Taina Quiles, a doctoral student in the community psychology program at the University of Virginia, has been awarded two research grants to support her work with Black and Latinx adolescent girls.
With guidance from her advisor Seanna Leath, an assistant professor of psychology and a faculty affiliate at Youth-Nex, Quiles received funding from a racial and social justice mini-grant from the Society for Community Research and Action (SCRA) and a Cultivating Healing, Advocacy, Nonviolence, Growth, and Equity (CHANGE) grant from the American Psychological Association Division 56 (APA).
“We are investigating how Black and Latinx adolescent girls navigate exposure to institutional violence and activism on social media,” said Quiles. “We also want to understand how that relates to their critical consciousness, sociopolitical and academic goal development.”
Critical consciousness is the ability to analyze systems that perpetuate inequality and take action against them, said Leath. Similarly, sociopolitical development is the process of developing the analytic and emotional skills to engage within the political system and take action against oppressive contexts.
“We hope to examine how these girls process both the institutional violence, like watching police or ICE brutality in their community, and the activism through movements like Black Lives Matter or La Raza Unida,” explained Quiles. “Black and Latinx girls often leverage their understanding of systemic oppression, family socialization and schooling experiences to process the events happening in the world around them and what they are seeing on their social media accounts.”
This work will also help to inform how Black and Latinx girls conceptualize their ability to change injustice in their community through civic engagement.
“Understanding how these girls are thinking about their ability to impact their community and their own academic careers is important for those of us who aim to support them,” said Quiles. “Given we are approaching this work by drawing from Black feminists and Mujerista [Latina Womanists] psychologists, we hope to use these findings to inform the ways adults support civic engagement and academic goals in the future by acknowledging the dreams and imagination these girls often bring to their own critical reflection and action.”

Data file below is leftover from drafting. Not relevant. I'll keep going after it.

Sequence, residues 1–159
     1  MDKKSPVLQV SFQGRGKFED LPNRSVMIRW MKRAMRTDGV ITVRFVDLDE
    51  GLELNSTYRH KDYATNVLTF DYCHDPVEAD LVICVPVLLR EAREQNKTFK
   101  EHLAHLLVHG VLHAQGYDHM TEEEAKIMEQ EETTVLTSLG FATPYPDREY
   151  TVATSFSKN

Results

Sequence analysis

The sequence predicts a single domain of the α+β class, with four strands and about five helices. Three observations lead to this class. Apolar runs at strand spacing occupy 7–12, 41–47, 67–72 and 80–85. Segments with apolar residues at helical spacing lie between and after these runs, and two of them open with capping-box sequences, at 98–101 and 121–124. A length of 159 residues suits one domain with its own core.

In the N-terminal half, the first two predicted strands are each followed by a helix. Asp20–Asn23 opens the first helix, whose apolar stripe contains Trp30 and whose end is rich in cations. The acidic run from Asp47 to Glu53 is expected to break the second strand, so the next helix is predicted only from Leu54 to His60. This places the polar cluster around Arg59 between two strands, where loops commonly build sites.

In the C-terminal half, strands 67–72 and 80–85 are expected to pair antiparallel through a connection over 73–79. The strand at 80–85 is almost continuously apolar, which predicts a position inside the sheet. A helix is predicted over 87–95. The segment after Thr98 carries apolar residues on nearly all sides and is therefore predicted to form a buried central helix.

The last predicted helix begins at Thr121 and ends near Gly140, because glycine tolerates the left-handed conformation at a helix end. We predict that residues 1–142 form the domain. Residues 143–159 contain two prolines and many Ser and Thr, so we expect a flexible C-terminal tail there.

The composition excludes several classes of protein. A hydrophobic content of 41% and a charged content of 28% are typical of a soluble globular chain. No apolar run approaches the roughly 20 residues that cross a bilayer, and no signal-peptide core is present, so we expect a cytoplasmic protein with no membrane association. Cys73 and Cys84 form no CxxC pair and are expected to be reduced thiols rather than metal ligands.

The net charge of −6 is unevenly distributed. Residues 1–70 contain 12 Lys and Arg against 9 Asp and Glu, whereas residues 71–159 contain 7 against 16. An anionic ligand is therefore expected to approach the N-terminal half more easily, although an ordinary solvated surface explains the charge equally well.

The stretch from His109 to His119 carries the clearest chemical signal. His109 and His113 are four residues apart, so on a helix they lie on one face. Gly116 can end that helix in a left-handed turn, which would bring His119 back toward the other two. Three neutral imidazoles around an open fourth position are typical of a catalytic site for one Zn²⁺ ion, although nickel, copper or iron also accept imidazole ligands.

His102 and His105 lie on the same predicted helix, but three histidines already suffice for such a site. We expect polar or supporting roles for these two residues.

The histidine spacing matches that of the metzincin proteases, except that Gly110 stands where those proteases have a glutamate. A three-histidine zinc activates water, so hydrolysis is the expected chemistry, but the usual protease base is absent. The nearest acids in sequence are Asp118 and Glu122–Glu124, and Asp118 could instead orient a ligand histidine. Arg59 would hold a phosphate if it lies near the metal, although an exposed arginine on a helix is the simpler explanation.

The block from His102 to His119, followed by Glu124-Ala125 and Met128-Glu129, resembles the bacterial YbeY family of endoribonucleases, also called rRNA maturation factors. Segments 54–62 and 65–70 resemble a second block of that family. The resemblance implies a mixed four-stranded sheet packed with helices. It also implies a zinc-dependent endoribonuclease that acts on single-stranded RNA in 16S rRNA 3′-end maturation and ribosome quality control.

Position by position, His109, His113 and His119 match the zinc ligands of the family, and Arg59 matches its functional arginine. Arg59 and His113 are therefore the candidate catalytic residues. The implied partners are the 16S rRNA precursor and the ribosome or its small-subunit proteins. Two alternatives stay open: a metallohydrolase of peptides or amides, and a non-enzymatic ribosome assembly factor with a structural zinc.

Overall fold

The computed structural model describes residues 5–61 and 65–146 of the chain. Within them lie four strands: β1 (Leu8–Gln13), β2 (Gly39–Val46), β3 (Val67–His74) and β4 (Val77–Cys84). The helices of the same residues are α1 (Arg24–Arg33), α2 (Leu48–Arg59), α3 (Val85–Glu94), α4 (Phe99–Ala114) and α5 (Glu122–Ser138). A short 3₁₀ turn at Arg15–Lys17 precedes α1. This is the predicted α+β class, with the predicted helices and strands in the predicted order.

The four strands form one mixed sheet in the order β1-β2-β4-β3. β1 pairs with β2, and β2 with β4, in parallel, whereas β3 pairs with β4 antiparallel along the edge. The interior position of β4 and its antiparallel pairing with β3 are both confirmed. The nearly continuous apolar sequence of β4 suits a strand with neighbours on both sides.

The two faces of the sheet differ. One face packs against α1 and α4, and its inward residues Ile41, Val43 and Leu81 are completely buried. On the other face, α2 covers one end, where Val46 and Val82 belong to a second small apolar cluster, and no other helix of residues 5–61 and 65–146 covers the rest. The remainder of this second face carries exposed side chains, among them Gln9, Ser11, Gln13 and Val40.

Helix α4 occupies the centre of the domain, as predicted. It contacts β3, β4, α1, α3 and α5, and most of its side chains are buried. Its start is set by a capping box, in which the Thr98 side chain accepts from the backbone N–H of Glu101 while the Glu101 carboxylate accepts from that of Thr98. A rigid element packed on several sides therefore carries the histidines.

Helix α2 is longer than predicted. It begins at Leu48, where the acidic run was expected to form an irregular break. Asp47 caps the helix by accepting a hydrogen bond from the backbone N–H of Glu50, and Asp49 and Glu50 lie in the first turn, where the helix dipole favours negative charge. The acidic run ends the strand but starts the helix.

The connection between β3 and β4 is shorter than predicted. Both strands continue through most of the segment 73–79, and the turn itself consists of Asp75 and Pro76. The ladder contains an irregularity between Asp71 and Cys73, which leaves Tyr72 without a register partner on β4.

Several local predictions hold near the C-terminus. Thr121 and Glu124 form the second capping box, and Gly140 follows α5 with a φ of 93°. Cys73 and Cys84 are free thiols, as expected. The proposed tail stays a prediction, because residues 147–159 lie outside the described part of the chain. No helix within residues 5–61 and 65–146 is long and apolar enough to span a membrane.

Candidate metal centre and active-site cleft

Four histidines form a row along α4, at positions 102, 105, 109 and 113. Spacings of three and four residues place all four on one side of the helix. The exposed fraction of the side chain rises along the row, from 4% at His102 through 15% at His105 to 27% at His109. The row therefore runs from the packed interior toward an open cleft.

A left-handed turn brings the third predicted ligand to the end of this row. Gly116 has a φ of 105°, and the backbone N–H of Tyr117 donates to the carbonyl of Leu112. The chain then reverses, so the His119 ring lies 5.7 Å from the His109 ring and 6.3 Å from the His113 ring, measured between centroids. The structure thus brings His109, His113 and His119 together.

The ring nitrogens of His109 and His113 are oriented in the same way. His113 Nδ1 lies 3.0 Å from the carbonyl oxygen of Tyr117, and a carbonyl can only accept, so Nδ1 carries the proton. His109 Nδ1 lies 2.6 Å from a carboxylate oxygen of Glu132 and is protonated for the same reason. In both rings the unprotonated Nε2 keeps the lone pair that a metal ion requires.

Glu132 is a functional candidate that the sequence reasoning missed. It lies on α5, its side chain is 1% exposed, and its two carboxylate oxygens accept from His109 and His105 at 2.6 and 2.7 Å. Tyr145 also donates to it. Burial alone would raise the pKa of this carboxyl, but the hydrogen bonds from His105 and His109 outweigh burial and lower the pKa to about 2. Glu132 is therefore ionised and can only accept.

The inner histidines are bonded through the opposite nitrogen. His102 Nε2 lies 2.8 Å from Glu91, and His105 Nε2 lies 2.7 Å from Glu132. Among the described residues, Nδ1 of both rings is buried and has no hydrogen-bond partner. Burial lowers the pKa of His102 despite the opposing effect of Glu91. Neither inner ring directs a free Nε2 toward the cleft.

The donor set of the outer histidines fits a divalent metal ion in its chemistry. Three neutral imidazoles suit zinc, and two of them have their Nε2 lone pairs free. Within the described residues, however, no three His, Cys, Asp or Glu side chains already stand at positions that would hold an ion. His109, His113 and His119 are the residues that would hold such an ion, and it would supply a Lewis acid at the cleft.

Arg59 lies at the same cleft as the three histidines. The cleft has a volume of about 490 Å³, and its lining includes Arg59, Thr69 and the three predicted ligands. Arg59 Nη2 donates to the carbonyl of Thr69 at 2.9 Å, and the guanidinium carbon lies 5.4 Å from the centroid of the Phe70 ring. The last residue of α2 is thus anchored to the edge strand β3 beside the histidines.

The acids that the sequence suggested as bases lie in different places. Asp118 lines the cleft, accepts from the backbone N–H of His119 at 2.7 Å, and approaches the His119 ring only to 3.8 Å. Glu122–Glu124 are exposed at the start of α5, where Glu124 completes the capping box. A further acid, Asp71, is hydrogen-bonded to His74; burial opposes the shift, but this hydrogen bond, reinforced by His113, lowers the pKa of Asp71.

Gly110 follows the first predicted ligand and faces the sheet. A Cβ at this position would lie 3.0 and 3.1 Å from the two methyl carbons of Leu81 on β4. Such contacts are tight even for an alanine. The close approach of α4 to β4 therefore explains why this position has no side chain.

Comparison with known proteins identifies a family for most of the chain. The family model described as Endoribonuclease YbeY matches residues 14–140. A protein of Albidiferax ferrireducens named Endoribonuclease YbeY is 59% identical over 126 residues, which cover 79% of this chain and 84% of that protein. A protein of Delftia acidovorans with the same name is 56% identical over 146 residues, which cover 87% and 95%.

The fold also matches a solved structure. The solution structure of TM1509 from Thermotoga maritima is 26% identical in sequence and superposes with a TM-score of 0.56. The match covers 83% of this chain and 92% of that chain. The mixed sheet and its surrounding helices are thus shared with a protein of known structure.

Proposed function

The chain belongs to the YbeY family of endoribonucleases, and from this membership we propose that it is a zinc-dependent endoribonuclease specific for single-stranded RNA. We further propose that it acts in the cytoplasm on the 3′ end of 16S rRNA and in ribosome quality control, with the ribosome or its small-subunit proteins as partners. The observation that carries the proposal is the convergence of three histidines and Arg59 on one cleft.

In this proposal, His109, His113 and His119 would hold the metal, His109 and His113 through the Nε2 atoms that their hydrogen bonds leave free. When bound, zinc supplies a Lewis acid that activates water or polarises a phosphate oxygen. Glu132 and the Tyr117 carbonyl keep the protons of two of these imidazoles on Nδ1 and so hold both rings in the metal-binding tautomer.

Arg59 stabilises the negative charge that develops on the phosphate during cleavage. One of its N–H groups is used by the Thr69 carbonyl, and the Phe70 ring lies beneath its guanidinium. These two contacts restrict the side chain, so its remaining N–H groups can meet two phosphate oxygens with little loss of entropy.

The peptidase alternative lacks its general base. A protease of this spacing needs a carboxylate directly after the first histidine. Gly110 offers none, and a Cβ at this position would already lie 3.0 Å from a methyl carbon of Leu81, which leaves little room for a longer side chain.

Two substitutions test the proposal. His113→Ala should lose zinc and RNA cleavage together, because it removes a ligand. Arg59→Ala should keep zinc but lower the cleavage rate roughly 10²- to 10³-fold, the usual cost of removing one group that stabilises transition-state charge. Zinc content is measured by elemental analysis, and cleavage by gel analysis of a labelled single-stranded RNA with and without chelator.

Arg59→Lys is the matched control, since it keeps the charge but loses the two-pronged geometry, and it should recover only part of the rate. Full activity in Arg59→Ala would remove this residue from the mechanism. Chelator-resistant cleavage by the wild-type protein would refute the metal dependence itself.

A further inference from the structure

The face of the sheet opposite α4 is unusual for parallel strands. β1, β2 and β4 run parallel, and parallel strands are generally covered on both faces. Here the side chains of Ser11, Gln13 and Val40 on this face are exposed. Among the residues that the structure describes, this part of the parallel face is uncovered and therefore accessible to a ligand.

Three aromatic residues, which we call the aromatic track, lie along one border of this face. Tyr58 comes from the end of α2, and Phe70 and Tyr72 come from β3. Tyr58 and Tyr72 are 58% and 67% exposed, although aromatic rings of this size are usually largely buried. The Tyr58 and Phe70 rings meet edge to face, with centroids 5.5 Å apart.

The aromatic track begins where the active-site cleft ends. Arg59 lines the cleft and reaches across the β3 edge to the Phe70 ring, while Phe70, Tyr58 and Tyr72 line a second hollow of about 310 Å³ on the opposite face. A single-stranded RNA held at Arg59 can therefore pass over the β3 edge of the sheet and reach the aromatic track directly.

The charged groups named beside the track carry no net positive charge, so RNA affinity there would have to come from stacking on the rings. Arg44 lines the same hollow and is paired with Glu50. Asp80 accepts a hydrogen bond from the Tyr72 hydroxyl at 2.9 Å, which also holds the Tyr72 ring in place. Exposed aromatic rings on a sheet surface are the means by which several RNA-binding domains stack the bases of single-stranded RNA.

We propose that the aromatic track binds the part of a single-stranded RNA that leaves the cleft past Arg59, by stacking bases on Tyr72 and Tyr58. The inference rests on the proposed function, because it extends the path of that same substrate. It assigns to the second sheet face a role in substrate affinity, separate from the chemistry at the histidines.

Overall, Quiles is interested in racial healing work, and specifically how Black and Latinx adolescents leverage protective factors to navigate inequities in the school system. She hopes to understand how these findings can apply to educational and social policy.
“Ultimately, we will be learning more about Black and Latinx girls’ aspirations, hopes and visions for their future,” said Quiles, “and the futures of those in their racial and ethnic community.”
Through this work, Quiles will be collaborating with youth in the Charlottesville area.
“We are grateful for the support from SCRA and APA to launch this important social and racial justice work,” said Leath. “These early career funding opportunities are scarce but allow highly motivated and creative students like Taina to design and lead independent research projects on topics like hope and resilience among structurally marginalized communities.”
Quiles joins an elite group of scholars awarded these grants, including four others funded by SCRA and five others by APA. Other topics funded include “Surviving COVID-19: Risk and Resilience Factors for Black Adults” by Jasmin Books, a UVA SURP Program alumna.
Taina Quiles received her BS in psychology at Fordham University. She also has participated in the Coro Fellowship in Public Affairs in Pittsburgh to learn more about community initiated social change.
Youth-Nex was founded in 2009 to expand and apply the science of positive youth development to address fundamental challenges facing societies around the world. Through science and community partnerships, Youth-Nex enhances the strengths of children and adolescents and prevents developmental risk. Our vision is that our nation’s youth - a rich, often untapped resource - may flourish.